Oilers’ Turning Point vs Kings Might Be Key to Stanley Cup Success

The Edmonton Oilers got down early versus the Los Angeles Kings. Behind 2-1 in the series and 3-0 in the first period of Game 4, things did not look good. There has always been a sense that the league’s highest-scoring team could come back from most deficits, but honest fans will probably tell you there were real reasons for concern. Had the defensively-sound Kings figured out a way to stifle the Oilers? Was this group led by Connor McDavid going to disappoint and be ousted early after so many picked them as legitimate Stanley Cup contenders? When that first period ended, it wasn’t clear what the Oilers were going to do.

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But, they gutted it out. Taking things one shift at a time, Edmonton put their backup netminder in, scored one goal on the power play, then one at five-on-five. They worked to get another power play and tied it up by the end of the second. When they ultimately won that game and evened the series, the Oilers knew what they needed to do to win and while the road wasn’t always smooth, they learned a number of key lessons, lessons that could take them all the way to the Stanley Cup.

The Stars Will Step Up in Key Moments

Down 3-0, it was the Oilers’ top offensive players who got Edmonton back in it. Evan Bouchard scored the first goal and Leon Draisaitl the next two. Connor McDavid assisted on the first two goals, with Ryan Nugent-Hopkins, Zach Hyman, and Bouchard picking up other assists. Good all series, it was the key guys who the Oilers rely upon who came through when the team needed them most and when the chips were down.

Leon Draisaitl Edmonton Oilers
Leon Draisaitl, Edmonton Oilers (Photo by Andy Devlin/NHLI via Getty Images)

Knowing this team has elite-level talent is one thing. Knowing those same players have the ability to show up in the face of adversity and put the team on their backs to get back in a game that looks like it’s out of hand is something the entire group can have confidence in. While that shouldn’t mean the depth guys don’t do their part, there’s a reason these stars get the opportunities and time on the ice they do — they deliver.

Going into future series’ — next against the Vegas Golden Knights who have proven to have a pretty lousy penalty kill in the playoffs thus far — it will be these key players who need to lead the way.

The Oilers Know Their Backup Can Do The Job

Head coach Jay Woodcroft made a gutsy decision by going with Jack Campbell to start period two of that game. Not everyone would have done so considering the regular season Campbell had and with the Oilers’ playoff hopes potentially on the line. Had Campbell not delivered, it’s hard to know how soul-crushing that might have been. But he did. And what he did is critical to the Oilers moving forward.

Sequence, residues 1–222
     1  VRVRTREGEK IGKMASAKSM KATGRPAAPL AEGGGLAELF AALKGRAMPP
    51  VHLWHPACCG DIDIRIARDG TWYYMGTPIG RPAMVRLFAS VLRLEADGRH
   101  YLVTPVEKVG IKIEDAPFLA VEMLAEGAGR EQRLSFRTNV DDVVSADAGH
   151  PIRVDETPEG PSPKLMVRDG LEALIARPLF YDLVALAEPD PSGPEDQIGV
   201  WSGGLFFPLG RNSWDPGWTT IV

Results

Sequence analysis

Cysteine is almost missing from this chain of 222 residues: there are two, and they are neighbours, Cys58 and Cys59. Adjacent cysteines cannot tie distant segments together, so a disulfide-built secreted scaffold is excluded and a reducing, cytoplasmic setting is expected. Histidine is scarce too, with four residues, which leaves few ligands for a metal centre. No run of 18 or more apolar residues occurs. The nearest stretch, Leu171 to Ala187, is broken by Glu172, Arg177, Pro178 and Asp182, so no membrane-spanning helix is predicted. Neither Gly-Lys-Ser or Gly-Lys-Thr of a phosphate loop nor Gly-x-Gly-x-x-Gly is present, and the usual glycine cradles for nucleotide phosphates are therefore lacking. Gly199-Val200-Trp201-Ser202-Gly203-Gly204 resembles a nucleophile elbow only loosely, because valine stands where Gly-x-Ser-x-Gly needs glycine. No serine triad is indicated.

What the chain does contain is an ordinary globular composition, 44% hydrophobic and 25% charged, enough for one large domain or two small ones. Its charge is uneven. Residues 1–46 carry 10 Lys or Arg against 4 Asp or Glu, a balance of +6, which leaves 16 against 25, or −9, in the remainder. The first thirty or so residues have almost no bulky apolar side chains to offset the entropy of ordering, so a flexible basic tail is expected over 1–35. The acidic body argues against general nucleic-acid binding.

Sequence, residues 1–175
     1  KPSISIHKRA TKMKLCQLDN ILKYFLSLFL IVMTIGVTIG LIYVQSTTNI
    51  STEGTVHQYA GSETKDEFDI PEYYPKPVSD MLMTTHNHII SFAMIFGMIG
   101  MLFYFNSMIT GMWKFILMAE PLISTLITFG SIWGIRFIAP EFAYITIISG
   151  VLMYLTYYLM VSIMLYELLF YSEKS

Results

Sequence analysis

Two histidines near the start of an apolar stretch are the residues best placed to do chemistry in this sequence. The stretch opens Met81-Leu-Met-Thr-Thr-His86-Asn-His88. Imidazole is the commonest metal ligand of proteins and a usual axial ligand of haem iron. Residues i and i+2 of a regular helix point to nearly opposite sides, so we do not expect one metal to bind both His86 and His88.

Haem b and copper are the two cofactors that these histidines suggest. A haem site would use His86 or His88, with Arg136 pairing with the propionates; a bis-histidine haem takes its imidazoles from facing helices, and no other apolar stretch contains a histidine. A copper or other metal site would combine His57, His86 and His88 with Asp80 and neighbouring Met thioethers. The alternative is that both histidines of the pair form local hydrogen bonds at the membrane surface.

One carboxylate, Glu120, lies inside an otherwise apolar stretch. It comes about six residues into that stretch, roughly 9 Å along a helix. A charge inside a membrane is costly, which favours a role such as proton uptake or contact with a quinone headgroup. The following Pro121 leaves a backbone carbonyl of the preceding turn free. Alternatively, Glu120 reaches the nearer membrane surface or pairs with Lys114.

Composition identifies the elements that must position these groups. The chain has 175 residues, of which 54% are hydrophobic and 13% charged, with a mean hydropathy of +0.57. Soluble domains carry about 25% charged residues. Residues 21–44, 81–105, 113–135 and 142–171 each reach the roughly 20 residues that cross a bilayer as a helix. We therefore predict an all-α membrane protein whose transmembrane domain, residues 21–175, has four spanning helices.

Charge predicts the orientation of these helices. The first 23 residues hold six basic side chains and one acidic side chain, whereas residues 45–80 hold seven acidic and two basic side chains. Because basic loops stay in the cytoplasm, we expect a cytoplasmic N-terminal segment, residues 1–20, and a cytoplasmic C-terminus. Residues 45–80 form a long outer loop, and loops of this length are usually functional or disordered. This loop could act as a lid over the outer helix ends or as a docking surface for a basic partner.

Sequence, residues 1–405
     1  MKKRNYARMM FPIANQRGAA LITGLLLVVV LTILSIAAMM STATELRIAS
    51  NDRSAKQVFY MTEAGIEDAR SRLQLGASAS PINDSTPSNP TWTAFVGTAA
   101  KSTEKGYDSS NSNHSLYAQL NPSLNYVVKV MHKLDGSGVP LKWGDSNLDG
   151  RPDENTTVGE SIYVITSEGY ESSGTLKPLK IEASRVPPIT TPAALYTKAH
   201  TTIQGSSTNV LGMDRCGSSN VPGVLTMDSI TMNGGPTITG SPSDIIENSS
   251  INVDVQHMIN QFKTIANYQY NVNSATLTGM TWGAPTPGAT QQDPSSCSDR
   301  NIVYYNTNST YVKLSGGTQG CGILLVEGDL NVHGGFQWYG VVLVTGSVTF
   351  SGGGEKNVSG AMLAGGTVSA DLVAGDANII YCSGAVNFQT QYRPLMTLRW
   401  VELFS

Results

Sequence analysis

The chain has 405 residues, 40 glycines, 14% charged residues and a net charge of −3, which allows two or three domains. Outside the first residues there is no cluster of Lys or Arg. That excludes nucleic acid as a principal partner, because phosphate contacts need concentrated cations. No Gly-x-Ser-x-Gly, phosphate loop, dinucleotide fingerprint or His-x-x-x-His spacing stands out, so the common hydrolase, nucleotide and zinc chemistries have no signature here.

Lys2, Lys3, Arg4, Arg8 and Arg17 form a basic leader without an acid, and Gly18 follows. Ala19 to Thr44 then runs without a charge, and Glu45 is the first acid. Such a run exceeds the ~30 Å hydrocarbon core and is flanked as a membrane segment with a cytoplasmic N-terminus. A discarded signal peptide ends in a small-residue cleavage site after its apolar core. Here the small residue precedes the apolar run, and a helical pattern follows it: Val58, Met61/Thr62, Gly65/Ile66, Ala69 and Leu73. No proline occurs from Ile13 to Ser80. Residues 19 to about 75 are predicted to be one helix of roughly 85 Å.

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Depending on who you ask, putting Stuart Skinner back in for Game 5 might have also been somewhat risky. Some coaches would have run with the hot hand, but Skinner was Woodcroft’s guy and he was going back to the netminder that got the Oilers where they were.

Not only did Woodcroft discover that Campbell is up to the challenge when called upon, but he now also knows that Skinner can rebound and fight back after a less-than-ideal performance. The fact the Oilers have two solid options in net during these playoffs can make all the difference in a long playoff run.

The Oilers Learned Their Depth Guys Are Ready

Once the Oilers had worked themselves back and tied the series, the rest of the offense showed up in games five and six. Evander Kane, Brett Kulak, and Nick Bjugstad were among the scorers in Game 5 and names like Klim Kostin and Kailer Yamamoto showed up in a big way in Game 6. It was the depth guys that ended up making the difference in those final two games and the Kings– who had done a fairly effective job against the Oilers’ stars (all things considered) — just couldn’t keep up.

Related: Oilers Winning Playoff Games Despite McDavid’s Dip in Production

Again, having depth in these playoffs will mean a world of difference. When McDavid or Draisaitl aren’t going, or the Oilers aren’t getting their power play looks, it will be the bottom-six players and different pieces from the blue line that needs to step up and produce. Finishing the series with these players getting on the scoresheet will breed confidence that much can be done in limited minutes. And, if need be, Woodcroft can cut back some of the minutes of his top guys to keep them fresh.

Having to come back from a three-goal deficit might have been the best thing for the Oilers in this year’s playoffs. Not only did they learn that they can, but it took a total team effort to do so and eventually turn the tide in a series that gave the club all they could handle.